Grand Jury Investigation, In re

Citation599 F.2d 1224
Decision Date01 June 1979
Docket NumberNo. 78-2040,78-2040
Parties4 Fed. R. Evid. Serv. 1338 In re GRAND JURY INVESTIGATION. Appeal of UNITED STATES of America.
CourtUnited States Courts of Appeals. United States Court of Appeals (3rd Circuit)

Peter F. Vaira, U. S. Atty., Alfred A. Gollatz (argued), Walter S. Batty, Jr., Bonnie S. Brier, Norman E. Greenspan, Asst. U. S. Attys., Philadelphia, Pa., for appellant.

Barbara W. Mather (argued), William A. DeStefano, David Richman, Jeffery C. Hayes, Pepper, Hamilton & Scheetz, Philadelphia, Pa., for appellee Sun Co., Inc.

Before SEITZ, Chief Judge, and ALDISERT and ROSENN, Circuit Judges.


SEITZ, Chief Judge.

The United States appeals from an order of the district court quashing a grand jury subpoena issued to Sun Company, Inc. The subpoena sought various questionnaires and memoranda compiled by Sun Company and the law firm of Pepper, Hamilton & Scheetz during an internal corporate investigation of various foreign transactions. Although Sun has contested our jurisdiction to consider this appeal, we recently settled this question in In the Matter of Grand Jury Empanelled February 14, 1978 (Colucci), 597 F.2d 851 (3d Cir. 1979). Pursuant to 18 U.S.C. § 3731, 1 the United States Attorney has certified that this appeal "is not taken for the purpose of delay and that the evidence is a substantial proof of a fact material in the proceeding." The district court having received this certification, we are not required by section 3731 to evaluate independently the substantiality or the materiality of the contested material. Compare 18 U.S.C. § 3731 With 28 U.S.C. § 1292(b). Cf. United States v. Comiskey, 460 F.2d 1293, 1297-98 (7th Cir. 1972) (United States Attorney need not allege any specific facts in support of his affidavit). We accordingly have jurisdiction to consider this appeal under 18 U.S.C. § 3731 or, alternatively, under 28 U.S.C. § 1291. See Colucci, supra, at 854-858.


Although the facts before us are largely uncontested, the record has been impounded to preserve the confidentiality of the grand jury's inquiry. We therefore will refrain from identifying some individuals by name.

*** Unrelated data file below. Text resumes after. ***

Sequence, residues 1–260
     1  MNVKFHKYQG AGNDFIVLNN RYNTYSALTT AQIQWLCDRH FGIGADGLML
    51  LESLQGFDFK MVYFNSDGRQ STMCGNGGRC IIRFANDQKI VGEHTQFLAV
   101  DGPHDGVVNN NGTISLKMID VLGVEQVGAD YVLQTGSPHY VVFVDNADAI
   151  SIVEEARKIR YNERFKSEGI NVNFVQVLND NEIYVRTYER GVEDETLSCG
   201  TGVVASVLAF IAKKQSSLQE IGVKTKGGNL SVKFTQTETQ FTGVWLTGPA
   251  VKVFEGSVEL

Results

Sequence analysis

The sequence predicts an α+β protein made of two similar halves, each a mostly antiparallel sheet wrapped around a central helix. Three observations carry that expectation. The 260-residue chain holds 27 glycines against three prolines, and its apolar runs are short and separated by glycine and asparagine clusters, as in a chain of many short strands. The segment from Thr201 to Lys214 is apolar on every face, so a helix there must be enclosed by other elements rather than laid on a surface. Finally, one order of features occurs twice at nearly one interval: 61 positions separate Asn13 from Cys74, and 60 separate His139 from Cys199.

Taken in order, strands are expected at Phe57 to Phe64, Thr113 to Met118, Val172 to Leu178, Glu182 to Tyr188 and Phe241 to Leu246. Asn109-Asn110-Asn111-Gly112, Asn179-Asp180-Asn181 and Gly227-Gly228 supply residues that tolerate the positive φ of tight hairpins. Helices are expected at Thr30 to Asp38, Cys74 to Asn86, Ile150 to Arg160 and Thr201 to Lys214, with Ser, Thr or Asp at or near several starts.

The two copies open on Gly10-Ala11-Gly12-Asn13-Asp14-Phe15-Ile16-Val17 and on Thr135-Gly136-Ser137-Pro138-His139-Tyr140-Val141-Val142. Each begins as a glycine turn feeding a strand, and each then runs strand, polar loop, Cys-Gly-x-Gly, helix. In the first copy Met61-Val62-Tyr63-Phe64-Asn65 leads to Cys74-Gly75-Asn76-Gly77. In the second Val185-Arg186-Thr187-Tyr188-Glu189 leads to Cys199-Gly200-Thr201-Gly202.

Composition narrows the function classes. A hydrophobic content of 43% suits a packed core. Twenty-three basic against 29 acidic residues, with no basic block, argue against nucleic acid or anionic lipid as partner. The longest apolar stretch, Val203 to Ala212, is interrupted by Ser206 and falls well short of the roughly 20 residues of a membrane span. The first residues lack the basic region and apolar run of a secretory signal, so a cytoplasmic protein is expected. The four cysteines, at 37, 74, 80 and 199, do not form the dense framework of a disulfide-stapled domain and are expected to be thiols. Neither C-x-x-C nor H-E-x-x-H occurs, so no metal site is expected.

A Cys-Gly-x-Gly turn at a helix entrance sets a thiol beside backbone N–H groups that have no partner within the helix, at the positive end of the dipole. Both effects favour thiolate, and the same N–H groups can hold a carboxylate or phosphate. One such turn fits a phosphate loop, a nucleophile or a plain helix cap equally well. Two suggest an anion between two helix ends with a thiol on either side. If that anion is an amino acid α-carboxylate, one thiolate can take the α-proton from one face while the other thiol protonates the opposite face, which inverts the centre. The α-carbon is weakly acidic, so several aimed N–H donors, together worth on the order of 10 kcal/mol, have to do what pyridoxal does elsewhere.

In January 1976 Sun Company, Inc., (Sun) began an investigation into possible illegal payments made by some of its employees in connection with Sun's foreign operations. The corporation's Audit Committee, a standing committee of the Board of Directors, supervised the investigation and, on July 20, 1976, reported that no significant violations had occurred.

Late in 1976, however, information submitted by a Sun employee led to a reopening of the investigation. On January 25, 1977, Samuel K. White, Sun's vice-president and general counsel, retained Pepper, Hamilton & Scheetz (Pepper) to advise Sun of its legal obligations in regard to certain payments uncovered during the internal audit. Two days later, the Audit Committee asked Pepper to assist and advise it in the conduct of the investigation itself. The full Board of Directors later ratified Pepper's retention by the Audit Committee and authorized funds for the investigation.

On February 11, 1977, H. Robert Sharbaugh, the chairman of Sun's Board of Directors, sent a covering letter, a questionnaire, and a return envelope to each of 1,877 managerial employees of Sun and its majority-owned subsidiaries. The letter explained the purpose of the investigation and asked the employees to complete the questionnaires and to mail them directly to Pepper. The questionnaire itself contained ten questions probing the employee's knowledge of any suspicious transactions. The instructions accompanying the questionnaire explained that an employee should answer "yes" if he knew of payments like those described in the question, "no" if he didn't, and "conference" if he was uncertain. Neither the questionnaire nor the instructions requested any further elaboration on the answers.

On February 16, 1977, Pepper began to follow up questionnaires containing responses of "yes" or "conference." By September, Pepper had conducted 265 telephone interviews and 90 personal interviews. No interviews were conducted in the presence of anyone except representatives of Pepper and Sun, and, when necessary, an interpreter. The interviews were not transcribed. Instead, the Pepper attorneys reduced their notes and recollections concerning the interviews to memoranda, always within ten days of the actual interview. These memoranda have remained in Pepper's files, and have been released only to members of Sun's Board of Directors.

On September 21, 1977, the Audit Committee filed its report, which discussed a number of transactions deemed "questionable." One of the selected transactions involved the renegotiation of a contract with an entity of a foreign government. Sun had paid a citizen of that country a total of $235,000 for services rendered during the renegotiation of the contract. The Audit Committee found reason to believe that some of the money paid to the foreign representative may have been passed on to governmental officials as an inducement to renegotiate the contract.